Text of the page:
these positions. Playwriting, like Cinderella in entirely distinct species separated by a wide the beneﬁt of mentorship.
her plain cinder-besmirched frock, has found chasm. On the one side are wizened, world The Lee Residency isn’t brand new
herself excluded from the ball. This reﬂects the weary theatre professionals smoking cigarettes by any means (it has already engaged one
curiously wrong-headed notion held in at least and staring cynically across the divide. On the Playwright-In-Residence, the celebrated
some academic circles, that playwriting isn’t other side are the bookish theatre academics in playwright and novelist Don Hannah), but
a genuine form of creative writing, but rather the caps and gowns, barely giving the divide one can see that the innovative structure that
something more like a collectively agreed a second glance, immersed as they are in their this residency has chosen to employ represents
upon notion that actors and directors accept, studies. a template that other universities might well
augment, and then burnish. It’s a false paradigm, of course. The two consider scrutinizing. It is especially well
Well, at least one academic institution arenas are simply the yin and yang of the same endowed, providing a healthier stipend than
is presently doing its bit to remedy this process. One only has to count the immense many other residencies currently do. It also
unfortunate situation. I refer to the Lee number of young people that pass through oﬀers a commission to the playwright to
Playwright-in-Residence position, housed the halls of post-secondary institutions generate a new work, and then further oﬀers a
at the University of Alberta. This residency and then move on to form professional stage for the production of that commission.
is made possible by a generous endowment theatre companies, or design or act or direct Considered together, this package represents a
created by the Cliﬀord E. Lee Foundation. for theatre companies in this province to very clever, thoughtful, artful arrangement.
It occurs on an annual basis and the selected understand just how permeable and delicate is In a wealthy province that often feels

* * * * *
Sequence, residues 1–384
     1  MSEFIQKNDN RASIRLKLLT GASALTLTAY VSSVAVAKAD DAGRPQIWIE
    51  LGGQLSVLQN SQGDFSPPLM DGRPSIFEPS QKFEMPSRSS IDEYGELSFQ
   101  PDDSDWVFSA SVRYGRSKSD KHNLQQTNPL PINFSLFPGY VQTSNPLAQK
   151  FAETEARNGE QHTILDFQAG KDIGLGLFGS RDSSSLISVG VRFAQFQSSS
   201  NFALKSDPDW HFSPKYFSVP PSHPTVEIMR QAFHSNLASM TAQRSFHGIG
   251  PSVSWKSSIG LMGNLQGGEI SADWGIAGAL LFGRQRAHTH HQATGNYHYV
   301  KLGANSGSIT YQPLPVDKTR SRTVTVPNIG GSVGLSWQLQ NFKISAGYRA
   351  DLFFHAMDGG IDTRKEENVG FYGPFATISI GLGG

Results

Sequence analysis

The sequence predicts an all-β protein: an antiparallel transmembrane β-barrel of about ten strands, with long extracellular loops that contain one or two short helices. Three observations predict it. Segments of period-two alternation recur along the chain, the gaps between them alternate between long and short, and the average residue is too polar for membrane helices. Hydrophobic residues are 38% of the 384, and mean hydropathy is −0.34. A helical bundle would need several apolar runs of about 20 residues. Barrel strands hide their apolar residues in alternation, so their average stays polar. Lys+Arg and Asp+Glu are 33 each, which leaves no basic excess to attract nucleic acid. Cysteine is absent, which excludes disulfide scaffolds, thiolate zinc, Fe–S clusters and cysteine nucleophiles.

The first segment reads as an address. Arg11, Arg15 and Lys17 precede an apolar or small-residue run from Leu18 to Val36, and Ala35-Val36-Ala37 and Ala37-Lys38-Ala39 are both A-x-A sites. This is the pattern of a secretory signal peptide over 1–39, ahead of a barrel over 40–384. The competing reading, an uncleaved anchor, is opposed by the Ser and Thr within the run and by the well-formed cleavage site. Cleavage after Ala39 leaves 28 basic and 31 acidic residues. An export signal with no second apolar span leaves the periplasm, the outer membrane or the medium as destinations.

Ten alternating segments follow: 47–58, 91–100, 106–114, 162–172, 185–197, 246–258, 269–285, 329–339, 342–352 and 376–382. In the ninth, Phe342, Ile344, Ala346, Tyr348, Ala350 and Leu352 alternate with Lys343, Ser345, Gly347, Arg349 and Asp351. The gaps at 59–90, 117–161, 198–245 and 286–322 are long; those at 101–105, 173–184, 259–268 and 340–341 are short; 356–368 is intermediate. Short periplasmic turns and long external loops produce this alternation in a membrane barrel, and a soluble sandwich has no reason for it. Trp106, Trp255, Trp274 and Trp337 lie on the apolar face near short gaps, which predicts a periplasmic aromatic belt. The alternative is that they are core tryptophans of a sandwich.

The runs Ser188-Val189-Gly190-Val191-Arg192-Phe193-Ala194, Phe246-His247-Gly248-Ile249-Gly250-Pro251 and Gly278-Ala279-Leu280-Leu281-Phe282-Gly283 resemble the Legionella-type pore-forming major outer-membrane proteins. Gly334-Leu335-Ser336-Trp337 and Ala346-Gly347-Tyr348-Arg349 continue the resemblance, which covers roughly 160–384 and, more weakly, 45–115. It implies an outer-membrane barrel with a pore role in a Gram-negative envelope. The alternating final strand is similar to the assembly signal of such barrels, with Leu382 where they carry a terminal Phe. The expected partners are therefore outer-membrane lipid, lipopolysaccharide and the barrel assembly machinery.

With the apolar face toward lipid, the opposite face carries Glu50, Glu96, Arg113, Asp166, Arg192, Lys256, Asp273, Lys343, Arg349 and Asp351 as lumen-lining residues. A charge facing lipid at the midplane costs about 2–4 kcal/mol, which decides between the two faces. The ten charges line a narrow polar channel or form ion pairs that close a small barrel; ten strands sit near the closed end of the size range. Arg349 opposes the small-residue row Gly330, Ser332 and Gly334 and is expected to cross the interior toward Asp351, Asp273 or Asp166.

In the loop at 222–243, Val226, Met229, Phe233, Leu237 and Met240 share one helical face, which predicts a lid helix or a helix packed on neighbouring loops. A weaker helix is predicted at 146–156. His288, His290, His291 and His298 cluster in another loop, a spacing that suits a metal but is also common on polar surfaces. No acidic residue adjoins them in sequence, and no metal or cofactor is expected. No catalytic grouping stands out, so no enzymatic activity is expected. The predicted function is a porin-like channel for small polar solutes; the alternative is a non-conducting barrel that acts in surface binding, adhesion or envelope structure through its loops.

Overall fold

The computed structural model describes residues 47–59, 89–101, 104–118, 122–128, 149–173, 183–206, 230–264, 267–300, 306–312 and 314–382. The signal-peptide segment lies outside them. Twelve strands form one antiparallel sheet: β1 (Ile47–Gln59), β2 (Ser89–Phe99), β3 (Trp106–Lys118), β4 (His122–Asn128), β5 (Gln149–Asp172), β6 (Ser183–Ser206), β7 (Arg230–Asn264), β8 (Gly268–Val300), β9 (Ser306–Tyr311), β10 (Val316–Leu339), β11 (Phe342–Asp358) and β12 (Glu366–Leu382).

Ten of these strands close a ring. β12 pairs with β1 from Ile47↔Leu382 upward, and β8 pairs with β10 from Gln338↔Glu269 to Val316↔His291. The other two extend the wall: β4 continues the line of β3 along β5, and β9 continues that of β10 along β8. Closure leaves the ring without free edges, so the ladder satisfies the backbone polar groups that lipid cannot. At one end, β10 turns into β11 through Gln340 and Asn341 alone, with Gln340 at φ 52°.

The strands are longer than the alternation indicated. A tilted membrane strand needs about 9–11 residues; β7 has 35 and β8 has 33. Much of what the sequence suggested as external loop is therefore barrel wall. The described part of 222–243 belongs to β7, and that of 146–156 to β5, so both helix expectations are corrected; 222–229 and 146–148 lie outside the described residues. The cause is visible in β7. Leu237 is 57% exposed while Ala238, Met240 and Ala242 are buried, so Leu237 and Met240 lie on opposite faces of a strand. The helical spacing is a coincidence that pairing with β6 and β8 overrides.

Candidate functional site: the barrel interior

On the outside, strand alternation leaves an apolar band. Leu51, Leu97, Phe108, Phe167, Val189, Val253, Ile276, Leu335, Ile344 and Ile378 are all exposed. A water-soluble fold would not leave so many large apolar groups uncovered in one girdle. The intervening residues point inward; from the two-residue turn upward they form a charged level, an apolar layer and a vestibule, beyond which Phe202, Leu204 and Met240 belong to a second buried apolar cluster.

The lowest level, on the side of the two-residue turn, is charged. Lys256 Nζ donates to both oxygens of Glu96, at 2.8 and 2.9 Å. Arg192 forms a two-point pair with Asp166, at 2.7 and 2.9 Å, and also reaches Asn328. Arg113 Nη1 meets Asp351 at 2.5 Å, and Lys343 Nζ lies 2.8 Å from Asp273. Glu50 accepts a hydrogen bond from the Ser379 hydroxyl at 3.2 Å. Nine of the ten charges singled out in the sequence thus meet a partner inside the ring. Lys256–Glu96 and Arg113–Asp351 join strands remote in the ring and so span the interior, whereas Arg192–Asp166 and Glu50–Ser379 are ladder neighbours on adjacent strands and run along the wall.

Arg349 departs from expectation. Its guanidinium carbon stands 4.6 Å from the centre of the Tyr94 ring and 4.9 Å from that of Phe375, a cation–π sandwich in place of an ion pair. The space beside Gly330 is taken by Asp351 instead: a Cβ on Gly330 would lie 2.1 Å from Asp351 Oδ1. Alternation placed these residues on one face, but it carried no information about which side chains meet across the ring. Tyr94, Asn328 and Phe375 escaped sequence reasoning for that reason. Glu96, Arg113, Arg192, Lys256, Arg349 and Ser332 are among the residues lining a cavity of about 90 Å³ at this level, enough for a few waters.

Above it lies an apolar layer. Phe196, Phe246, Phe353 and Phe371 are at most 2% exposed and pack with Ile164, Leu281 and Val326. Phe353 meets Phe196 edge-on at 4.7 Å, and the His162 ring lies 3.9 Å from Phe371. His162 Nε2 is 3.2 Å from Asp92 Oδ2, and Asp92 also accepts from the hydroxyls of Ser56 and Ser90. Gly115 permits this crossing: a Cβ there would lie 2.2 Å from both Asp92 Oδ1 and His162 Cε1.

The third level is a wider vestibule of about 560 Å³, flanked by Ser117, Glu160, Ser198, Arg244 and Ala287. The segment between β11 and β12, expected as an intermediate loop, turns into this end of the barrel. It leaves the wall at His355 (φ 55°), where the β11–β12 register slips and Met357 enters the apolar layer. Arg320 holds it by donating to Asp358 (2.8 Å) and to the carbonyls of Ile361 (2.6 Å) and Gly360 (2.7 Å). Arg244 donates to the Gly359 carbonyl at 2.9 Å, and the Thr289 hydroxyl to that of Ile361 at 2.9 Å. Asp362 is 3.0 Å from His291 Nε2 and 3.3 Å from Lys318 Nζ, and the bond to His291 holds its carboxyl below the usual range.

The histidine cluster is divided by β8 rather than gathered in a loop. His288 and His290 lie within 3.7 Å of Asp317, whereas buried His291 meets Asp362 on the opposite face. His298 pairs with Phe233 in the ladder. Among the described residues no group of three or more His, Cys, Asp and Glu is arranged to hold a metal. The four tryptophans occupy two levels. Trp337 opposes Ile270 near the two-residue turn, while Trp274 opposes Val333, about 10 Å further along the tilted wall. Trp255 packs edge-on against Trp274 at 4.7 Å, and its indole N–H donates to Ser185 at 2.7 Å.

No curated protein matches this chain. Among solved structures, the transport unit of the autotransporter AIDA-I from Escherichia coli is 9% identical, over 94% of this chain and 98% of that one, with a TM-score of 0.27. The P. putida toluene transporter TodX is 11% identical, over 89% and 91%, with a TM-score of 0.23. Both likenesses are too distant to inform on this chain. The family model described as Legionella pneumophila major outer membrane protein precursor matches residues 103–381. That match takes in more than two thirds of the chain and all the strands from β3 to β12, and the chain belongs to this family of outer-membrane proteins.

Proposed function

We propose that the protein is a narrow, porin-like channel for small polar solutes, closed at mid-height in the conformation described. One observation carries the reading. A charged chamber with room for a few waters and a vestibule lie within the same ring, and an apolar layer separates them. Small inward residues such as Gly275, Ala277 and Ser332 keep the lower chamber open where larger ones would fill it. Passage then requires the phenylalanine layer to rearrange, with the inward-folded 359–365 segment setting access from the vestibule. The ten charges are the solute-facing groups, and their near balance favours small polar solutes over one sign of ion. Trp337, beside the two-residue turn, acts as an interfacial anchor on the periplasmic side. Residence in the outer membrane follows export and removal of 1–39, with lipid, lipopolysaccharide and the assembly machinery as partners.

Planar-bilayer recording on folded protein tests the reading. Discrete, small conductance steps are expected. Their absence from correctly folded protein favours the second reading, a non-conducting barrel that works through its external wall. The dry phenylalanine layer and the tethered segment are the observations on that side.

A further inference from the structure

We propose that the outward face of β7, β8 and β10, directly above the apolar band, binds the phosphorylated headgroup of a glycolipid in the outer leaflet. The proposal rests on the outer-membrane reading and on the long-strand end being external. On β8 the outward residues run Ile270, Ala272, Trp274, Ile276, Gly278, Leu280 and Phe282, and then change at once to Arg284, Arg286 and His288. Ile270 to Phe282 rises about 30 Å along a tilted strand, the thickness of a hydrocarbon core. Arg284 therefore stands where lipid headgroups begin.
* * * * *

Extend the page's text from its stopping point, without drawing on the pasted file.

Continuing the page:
curiously reserved about its support of the ﬁne
arts, the level of commitment and enthusiasm
evidenced by this institutional gesture is most
IN MEMORIAM welcome. One can only hope that this kind of
spirit is catching.
James Mavor Moore 1919 – 2006
Mavor Moore will be remembered for his life-long dedication to the arts in Canada, An award-winning playwright, screenwriter, and novelist,
as a playwright, actor, director, producer, composer, administrator, and educator. He Clem Martini is a three time winner of the Alberta Writer’s
Guild Drama Prize (Nobody of Consequence, Illegal
died in Victoria on December 8, 2006 at the age of 87.
Entry, and A Three Martini Lunch), a Governor Gen-
Mavor Moore was a proliﬁc writer, having authored over 100 plays, documentaries, eral Drama Nominee for his anthology A Three Martini
and musicals for stage, radio, and television. He also founded a wide variety of Canadian Lunch, and is the current president of the Playwrights
Guild of Canada. His trilogy of novels, The Crow Chroni-
institutions, including the Canadian Theatre Centre and the Guild of Canadian
cles, has been distributed world wide, and translated into
Playwrights, the Charlottetown Festival, and Toronto’s St. Lawrence Centre for the Arts. Dutch, German, Swedish, and Japanese. An Associate
Mavor Moore was named to the Order of Canada in 1973 and in 1999 was awarded a Professor of Drama at the University of Calgary, Clem lives
Governor General’s Award for lifetime achievement in the performing arts. in Calgary with his wife and two daughters.
14. spring 2007
ALBERTA’S DRAMA THE BUZZ
FESTIVALS news and notes from around the province
ALBERTA HIGH SCHOOL DRAMA FESTIVAL EDMONTON ANNOUNCED CULTURAL CAPITAL Swim Alone, The Soldier Dreams, You Are Here,
ASSOCIATION and In on It, as well as the last ofﬁcial da da
The City of Edmonton has been awarded the
Excitement is high as high school teachers and 2007 Cultural Capitals of Canada award in the kamera original production, A Beautiful View.
students across Alberta are busy rehearsing over 125,000 population category—a testa-
AATE CONFERENCE COMES TO CANADA
their one act plays for presentation at AHSDFA ment not only to the hard work of the applica-
tion team (led by the Edmonton Arts Council), The American Alliance for Theatre and Educa-
zone festivals throughout the province.
but also to the creativity and determination of tion’s 2007 conference is entitled Sea to Sky:
The 2007 provincial festival takes place May Edmonton’s artists and arts organizations. Swimming Upstream—Spawning New Horizons.
10-12 at the Red Deer College Arts Centre— Headed to Canada for the ﬁrst time, the confer-
Cultural Capitals of Canada is a federal award